That depends a lot on what you are selling and what sort of presence you have (or want to build) in a particular market. If you need to appear local, your language must be local, right down to local and cultural nuances (holidays, sports and local events are three prime examples). If you are selling a clearly American or global product, it may not need localization.
In that case, U.S. English is likely fine. But even then, you may need to look more closely at your word choice. American idioms and sports analogies for example often don’t compute in other markets. By the way, you won’t find the largest number of English speakers in Europe. Asia now leads the pack.
6. Are there any tools that can assist with keyword translation?
The same tools we use in the U.S., including Google’s Ad Words and Webmaster tools, are available for just about any language and market you can think of—and some you never knew existed. But to be effective you need help from those who have native fluency in the target language.
Even if you could use a tool to find keywords in Chinese, for example, how would you know it’s the right keyword for your industry? It can be really important to have local advisors are conversant in the special terms of your industry, and that narrows the field of available resources considerably.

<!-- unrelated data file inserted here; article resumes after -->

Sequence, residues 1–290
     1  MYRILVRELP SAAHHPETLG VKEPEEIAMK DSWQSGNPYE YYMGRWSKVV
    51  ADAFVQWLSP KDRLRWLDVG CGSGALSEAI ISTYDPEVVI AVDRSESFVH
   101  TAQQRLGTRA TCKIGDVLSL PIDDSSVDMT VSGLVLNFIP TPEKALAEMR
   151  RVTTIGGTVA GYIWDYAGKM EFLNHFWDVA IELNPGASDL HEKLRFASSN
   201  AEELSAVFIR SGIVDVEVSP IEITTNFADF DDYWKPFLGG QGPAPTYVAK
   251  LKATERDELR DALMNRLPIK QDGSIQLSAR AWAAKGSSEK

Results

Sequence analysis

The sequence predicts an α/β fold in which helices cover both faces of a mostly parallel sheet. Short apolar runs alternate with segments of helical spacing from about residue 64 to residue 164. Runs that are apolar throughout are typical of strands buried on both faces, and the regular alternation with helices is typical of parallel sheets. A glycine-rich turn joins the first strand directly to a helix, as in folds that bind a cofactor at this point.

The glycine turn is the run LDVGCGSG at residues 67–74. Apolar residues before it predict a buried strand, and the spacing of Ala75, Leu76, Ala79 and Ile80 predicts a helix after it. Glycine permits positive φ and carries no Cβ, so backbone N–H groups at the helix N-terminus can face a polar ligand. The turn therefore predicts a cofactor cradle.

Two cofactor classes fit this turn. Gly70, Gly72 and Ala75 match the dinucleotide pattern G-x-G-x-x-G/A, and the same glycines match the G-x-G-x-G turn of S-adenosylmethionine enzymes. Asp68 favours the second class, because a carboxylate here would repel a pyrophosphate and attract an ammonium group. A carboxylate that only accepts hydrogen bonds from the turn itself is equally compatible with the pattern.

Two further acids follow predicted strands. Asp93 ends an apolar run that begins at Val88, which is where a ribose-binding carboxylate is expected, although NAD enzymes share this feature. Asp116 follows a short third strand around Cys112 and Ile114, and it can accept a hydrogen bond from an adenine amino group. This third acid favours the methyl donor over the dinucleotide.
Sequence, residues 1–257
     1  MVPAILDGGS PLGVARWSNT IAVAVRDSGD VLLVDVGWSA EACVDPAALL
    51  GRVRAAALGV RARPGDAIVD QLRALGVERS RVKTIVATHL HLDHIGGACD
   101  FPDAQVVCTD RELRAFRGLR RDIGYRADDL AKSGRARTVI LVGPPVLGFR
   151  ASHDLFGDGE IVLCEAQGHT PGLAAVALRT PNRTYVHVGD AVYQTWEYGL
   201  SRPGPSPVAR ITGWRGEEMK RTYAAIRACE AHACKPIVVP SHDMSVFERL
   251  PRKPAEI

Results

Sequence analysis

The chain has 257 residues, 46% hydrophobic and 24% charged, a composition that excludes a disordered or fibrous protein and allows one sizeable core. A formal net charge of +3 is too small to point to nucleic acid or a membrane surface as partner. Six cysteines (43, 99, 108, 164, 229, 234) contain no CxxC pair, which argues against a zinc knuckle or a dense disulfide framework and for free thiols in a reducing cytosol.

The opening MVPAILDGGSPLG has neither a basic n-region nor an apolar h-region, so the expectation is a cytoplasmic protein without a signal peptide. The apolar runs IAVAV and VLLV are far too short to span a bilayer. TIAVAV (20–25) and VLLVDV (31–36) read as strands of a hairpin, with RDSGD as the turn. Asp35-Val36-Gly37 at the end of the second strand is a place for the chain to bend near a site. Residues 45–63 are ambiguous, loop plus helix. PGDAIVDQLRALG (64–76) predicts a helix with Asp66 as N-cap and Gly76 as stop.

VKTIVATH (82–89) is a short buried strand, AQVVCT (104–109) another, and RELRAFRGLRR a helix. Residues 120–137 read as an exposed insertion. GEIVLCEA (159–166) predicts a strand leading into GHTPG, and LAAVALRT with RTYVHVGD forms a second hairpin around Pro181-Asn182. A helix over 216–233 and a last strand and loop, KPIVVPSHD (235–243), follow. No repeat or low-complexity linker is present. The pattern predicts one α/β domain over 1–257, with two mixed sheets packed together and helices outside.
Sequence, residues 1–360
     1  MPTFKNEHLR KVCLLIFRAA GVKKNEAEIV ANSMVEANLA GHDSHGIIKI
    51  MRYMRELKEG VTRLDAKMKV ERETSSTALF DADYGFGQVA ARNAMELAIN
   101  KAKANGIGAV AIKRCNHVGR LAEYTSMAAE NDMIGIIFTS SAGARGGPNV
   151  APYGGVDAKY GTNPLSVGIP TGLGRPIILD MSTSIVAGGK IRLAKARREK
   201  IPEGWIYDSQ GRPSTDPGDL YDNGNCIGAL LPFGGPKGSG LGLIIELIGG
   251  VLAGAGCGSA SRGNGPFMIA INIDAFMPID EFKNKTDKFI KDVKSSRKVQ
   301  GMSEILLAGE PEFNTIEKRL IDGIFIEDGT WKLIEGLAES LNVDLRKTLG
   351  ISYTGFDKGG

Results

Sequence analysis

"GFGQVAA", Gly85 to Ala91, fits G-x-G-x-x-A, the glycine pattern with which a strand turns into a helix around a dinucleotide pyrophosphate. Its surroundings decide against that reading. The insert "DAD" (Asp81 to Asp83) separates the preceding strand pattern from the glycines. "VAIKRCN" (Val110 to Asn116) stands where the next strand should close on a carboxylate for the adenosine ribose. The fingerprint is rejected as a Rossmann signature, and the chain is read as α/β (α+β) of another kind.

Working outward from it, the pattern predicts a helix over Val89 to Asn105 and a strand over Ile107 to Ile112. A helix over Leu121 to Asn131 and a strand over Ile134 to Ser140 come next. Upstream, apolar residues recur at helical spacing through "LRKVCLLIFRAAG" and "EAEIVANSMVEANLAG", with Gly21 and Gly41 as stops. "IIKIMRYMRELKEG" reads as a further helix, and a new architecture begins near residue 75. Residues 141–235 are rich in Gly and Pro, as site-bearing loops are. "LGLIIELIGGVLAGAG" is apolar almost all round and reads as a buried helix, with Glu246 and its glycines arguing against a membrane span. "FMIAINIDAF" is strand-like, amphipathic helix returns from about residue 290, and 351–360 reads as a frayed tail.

7. Google Pigeon was a major local search algorithm when released in 2014. Did Pigeon expand to overseas markets as well? Or was it only here in the States?
Pigeon was launched in the U.S. on July 4, 2014. According to the Moz “Google Algorithm Change History” Google rolled out Pigeon to the UK, Canada and Australia on December 22, 2014. There have been reports that other countries and languages will follow, but I haven’t seen any news so far.
8. Because there are some fairly significant differences with SEO location, what are some of the best practices for marketers to follow so that they can avoid penalties?
You have to be careful about duplicate content. Google really comes down hard on that. So you need to follow best practices and Google recommendations in the way you set up your country-specific sites.
9. Most of us marketers focus on playing by Google’s rules, but China’s Baidu is an interesting search engine because of its market share. Do you feel that U.S. marketers should learn how to optimize their sites and SERPs for Baidu?
For the most part you can’t go wrong playing by Google’s rules. Breaking their rules just because some other search engine seems to be more lax can lead to all kinds of trouble. If Google has any presence in a market, you’re going to lose if you break their rules. Even in a market like China where Google has been pretty much kicked out and Baidu rules the search market, you’re risking long-term damage for short-term gains if you try to game the system.
I once worked with a marketing director in China who wanted to buy into a service that was delivering incredible results on Baidu with spammy “news releases” that automatically got picked up on literally hundreds of Chinese link farms. I didn’t let him do it, and as Baidu improved its search algorithm those who participated were punished.